Working with water and ecology

Monitoring the health of our discharge points

In 2016, we asked an independent freshwater ecologist (Aquilina Environmental) to carry out an invertebrate survey at one of our discharge points.

Following the standard EA sampling protocol, aquatic macroinvertebrates were collected using a standard size FBA D-frame pond net from the major habitats along the stream (stands of different wetland plants, distinctive substrates, tree roots etc.). All the different habitats present were allocated a proportion of the overall sampling time (3 minutes) and different areas of the same mesohabitat were subsampled to ensure that as great a range as possible was sampled.

Each location was also searched for an additional minute looking for surface dwelling animals such as water skaters and whirligig beetles and inspecting submerged habitats such as logs and larger stones for attached animals.

We imagined that the results from our discharge points would be broadly similar, as the water quality is the same at each farm, however each of the surveys gave quite different results.  This was because each of the discharge points had different habitats with varying levels of shading and water flow.  The substrate also influenced the findings as in some locations there were gravel bases and others had a silty substrate.  It was evident that these environmental characteristics have a very significant effect on biodiversity when water quality is the same.

We have repeated that survey again this year with an addition of a further two testing locations.  We have seen an improvement in biodiversity over the two years and the report presenting this information in detail can be found at the foot of the page. 

This type of survey work will be carried out on a regular basis now that we have established some baseline levels, and any improvements can be recorded.

We have also carried out a survey on one of our farms upstream of any settlement facilities where the only water was that which has come from watercress beds. The aim of this study was to see which species were living in watercress discharge water without any outside influences, and to investigate what could be done to improve this biodiversity which will be monitored by further survey work in the future.  The results of this survey work are at the foot of the page. A video of this survey work, with explanations from Robert Aquilina can be found below.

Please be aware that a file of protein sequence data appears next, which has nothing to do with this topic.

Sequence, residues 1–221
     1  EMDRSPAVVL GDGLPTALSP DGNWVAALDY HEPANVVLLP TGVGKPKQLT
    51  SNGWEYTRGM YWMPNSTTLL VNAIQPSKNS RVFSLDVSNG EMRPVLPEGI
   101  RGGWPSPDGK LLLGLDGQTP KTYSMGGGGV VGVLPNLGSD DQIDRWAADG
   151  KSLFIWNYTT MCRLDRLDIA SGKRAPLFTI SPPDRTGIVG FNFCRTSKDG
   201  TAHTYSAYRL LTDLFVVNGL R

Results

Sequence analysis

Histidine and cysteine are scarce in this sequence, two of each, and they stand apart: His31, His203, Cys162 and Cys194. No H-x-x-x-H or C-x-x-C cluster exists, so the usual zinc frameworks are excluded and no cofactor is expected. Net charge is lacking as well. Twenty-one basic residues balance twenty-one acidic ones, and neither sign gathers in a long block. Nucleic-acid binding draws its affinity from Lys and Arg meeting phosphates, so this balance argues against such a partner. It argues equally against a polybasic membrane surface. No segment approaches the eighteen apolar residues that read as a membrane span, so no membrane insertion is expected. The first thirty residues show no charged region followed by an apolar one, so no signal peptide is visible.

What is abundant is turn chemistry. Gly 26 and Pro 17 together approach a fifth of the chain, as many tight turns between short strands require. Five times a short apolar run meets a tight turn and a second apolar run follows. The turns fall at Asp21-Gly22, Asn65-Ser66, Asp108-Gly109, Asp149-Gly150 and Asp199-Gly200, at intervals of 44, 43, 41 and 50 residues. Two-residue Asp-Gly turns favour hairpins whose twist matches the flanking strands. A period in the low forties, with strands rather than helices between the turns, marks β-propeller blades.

Kick tests at the river with Tom Amery and Robert Aquilina. Robert explains how the water quality is tested then gets into the river to collect a sample of invertebrates to examine them.

We have also been capturing underwater video footage of our farm discharge points in Hampshire to demonstrate the nature of the stream bed in context with the environmental setting.

Why we are under pressure and what we have done to try and engage with local groups

 There has been significant pressure from the fishing community and local environmental groups, both on the watercress industry to reduce the levels of phosphate in the discharge water, and on the EA to regulate effectively.

We have met with Salmon and Trout Conservation UK and with local landowners to tell them what we have been doing to reduce our discharge levels. 

We also have representatives who attend meetings of the Upper Itchen Initiative, a group that has been meeting for over 10 years, concerned with the protection of the Upper Itchen river catchment and its tributaries. The group comprises of statutory bodies, riparian landowners, business interests and local stakeholders. This group is kept informed of our progress at each meeting. 

We also attend meetings of the Test and Itchen Catchment Partnership which brings together local people and organisations to plan and deliver positive actions that will improve our water environment and are a supporter of their lottery funded Watercress and Winterbournes project.

Over the past few years we have been working closely with the EA to formulate an action plan and to report to them on our progress. This successful working relationship has contributed to the success we have had with permit compliance in the first year of monitoring.


Macroinvertebrate Survey of Manor Farm outflow, Old Alresford , Hants

Report prepared by Robert Aquilina MSc MCIEEM


Macroinvertebrate Survey of three watercress farm outflows, Alresford , Hants

Report prepared by Robert Aquilina MSc MCIEEM


Macroinvertebrate survey of Drayton watercress farm outflow, Alresford, Hants

Report prepared by Robert Aquilina MSc MCIEEM


Watercress farming, A new era - by Ollie Bedford